Previous research has focused on analyzing the attributes and potential applications of STR structures. For example, extensive investigations have explored the effect of staggered arrangements of 3D riblets on drag reduction [3]. Other studies have examined the correlation between debris accumulation or riblet tip wear and riblet performance [4]. Additionally, significant efforts have been made to analyze the effect of different riblet types (such as, STR, blade riblets, asymmetrical triangular riblets, etc.) on flow manipulation [5]. Some studies have used experiments to investigate the effect of compliance in the materials to which riblets are affixed, mimicking the compliance of actual shark skin [6]. Anti-fouling and self-cleaning properties of STR structures have also been computationally and experimentally examined [7]. Large-scale simulations have studied the overall effects of riblets on a Stratos 716 X business jet [8]. Similarly, tests on an Airbus 320 airplane with 60° STR structures showed a 2% reduction in fuel usage [9]. Despite the substantial knowledge base, further research is essential for optimizing riblets and understanding their properties. Therefore, conducting extensive parametric studies is an effective approach to achieve this goal.

To address this, the main objective of the present study is to analyze the effect of varying the included angle of the riblets on drag reduction, with the expectation that this knowledge will further elucidate the mechanism of passive drag reduction. Upcoming sections will detail comparisons between CFD simulations and experimental data.

#### 2. Numerical Simulation and Experimental Methodologies

2.1. Numerical Simulation Methodology

Two different series of simulations were completed in this study and will be detailed further. In the first series, the fluid velocity over the featured surface was varied to change the S+ value (Eq. 1 and 2). However, higher Reynolds numbers associated with increased velocity likely resulted in higher turbulence levels in some cases. To account for this, a second series of simulations was performed using a new model for each simulation. In this approach, riblet spacing was varied to manipulate the S+ value without changing the fluid velocity of the initial flow conditions.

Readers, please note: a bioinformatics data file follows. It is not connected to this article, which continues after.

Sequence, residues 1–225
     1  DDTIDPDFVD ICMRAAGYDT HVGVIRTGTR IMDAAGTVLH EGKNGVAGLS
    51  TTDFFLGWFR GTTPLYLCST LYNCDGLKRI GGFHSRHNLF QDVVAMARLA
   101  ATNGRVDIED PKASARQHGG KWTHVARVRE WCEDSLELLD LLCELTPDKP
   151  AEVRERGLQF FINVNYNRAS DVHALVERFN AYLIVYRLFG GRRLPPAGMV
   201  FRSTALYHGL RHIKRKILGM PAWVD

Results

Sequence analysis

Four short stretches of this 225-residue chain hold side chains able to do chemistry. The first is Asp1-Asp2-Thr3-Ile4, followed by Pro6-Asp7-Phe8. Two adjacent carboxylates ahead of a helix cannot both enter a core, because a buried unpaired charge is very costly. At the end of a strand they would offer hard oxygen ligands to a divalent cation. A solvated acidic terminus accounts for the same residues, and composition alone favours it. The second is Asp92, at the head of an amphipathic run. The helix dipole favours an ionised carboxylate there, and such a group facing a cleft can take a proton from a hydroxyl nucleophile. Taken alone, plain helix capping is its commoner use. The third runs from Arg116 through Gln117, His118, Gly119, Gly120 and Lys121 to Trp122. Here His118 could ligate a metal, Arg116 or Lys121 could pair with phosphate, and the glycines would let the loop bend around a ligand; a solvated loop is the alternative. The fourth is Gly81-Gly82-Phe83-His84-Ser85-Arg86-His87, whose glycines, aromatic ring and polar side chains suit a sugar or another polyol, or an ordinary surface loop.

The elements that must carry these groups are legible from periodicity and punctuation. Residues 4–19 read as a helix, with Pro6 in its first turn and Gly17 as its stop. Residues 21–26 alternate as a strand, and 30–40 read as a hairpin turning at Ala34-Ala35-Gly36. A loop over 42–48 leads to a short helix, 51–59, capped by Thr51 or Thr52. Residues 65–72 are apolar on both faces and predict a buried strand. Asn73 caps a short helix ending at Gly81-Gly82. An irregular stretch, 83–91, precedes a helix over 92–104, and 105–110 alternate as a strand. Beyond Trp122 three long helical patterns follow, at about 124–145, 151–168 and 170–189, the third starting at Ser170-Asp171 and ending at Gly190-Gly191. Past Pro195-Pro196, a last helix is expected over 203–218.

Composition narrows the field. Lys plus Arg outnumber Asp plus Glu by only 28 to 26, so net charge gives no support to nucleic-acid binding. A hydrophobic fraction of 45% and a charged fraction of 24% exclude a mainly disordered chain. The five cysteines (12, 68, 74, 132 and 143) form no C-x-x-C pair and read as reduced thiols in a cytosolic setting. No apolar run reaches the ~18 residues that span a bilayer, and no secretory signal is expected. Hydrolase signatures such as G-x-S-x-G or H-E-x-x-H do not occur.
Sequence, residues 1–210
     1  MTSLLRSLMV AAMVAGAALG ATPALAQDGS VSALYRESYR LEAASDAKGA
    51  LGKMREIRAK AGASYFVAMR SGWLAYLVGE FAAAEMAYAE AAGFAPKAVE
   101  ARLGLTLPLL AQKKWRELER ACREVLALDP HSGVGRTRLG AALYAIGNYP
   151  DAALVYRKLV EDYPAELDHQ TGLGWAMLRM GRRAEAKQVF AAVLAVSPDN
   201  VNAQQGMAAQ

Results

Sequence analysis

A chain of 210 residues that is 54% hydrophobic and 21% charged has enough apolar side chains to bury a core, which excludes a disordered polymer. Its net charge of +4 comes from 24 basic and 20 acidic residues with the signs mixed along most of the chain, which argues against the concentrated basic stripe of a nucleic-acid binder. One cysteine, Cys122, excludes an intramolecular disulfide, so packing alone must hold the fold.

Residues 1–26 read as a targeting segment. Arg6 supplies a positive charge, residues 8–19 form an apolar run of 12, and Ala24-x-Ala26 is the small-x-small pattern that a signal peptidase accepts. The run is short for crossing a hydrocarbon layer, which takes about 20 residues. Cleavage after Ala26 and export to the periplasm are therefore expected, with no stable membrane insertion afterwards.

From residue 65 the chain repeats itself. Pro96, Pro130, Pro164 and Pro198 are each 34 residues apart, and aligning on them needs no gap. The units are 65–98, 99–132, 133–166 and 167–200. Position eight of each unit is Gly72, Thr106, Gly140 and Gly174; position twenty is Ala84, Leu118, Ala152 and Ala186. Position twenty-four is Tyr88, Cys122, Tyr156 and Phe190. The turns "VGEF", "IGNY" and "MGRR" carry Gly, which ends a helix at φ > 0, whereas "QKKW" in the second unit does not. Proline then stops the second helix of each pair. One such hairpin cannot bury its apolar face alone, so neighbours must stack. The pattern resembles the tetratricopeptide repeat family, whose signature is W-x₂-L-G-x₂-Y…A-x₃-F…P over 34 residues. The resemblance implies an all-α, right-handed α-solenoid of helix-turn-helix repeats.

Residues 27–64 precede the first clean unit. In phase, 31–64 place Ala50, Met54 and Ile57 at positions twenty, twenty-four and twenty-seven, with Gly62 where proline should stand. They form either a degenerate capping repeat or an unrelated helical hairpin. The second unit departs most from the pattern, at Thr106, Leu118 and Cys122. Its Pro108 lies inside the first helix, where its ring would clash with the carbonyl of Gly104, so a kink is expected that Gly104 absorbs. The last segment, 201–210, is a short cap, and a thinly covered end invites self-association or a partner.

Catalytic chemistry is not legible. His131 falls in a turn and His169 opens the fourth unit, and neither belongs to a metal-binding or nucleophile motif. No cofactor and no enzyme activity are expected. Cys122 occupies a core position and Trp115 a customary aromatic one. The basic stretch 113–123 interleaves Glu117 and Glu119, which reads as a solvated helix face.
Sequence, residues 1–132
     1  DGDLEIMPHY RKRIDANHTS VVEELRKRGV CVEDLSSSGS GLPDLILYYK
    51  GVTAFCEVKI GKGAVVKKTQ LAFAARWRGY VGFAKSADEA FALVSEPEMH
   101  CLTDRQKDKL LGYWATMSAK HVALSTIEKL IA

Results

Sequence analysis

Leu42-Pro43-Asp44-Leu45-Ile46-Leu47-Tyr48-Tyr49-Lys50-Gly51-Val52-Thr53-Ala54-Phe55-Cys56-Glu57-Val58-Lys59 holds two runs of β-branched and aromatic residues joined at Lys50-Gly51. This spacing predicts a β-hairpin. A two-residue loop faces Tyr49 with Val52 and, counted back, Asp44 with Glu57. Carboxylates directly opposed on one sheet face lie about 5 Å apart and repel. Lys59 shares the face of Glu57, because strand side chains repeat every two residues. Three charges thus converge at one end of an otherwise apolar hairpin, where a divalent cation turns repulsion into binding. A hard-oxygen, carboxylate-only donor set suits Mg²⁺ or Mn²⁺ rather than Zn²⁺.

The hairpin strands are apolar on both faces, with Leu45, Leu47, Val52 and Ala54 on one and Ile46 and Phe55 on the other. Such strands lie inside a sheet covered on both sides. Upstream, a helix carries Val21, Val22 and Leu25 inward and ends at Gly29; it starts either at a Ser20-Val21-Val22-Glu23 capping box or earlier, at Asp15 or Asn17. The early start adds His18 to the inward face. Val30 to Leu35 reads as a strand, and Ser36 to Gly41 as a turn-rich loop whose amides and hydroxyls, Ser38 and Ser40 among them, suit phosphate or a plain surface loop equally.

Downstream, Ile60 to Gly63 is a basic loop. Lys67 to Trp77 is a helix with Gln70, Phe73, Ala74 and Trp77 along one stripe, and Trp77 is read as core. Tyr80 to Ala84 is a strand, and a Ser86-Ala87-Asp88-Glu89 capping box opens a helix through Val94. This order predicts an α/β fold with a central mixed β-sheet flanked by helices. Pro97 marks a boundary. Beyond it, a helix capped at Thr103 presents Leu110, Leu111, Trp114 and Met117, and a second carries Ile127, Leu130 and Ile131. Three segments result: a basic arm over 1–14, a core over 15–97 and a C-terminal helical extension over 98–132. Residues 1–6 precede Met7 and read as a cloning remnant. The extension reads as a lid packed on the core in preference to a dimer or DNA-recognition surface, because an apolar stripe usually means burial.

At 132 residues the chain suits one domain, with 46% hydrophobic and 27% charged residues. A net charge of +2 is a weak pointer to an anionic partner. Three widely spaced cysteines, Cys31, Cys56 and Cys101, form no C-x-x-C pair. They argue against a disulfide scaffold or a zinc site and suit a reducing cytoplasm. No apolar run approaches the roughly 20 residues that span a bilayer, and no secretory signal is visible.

Where S^{+} is the non-dimensional riblet spacing, S is the physical riblet spacing, ν is the kinematic viscosity, u_{τ} is the frictional velocity, τ_{o} is the wall shear stress on a flat surface, and ⍴ is the fluid density.

The first step in the numerical solution was creating the swept prism and hexahedral grid in ANSYS, with mesh type and parameters based on past studies [10]. Element sizes were set at 35 μm for features and the top surface in order to satisfy Eq. 3, and 750 μm for the large central area. Split lines were used to control cell growth rather than a simple inflation rate. The larger element size in the central section, see Figure 1, was intended to reduce the number of cells and computation time, as there is significantly less turbulence to model in this region [11]. All simulations used identical meshes and the same mesh parameters when the domains differed.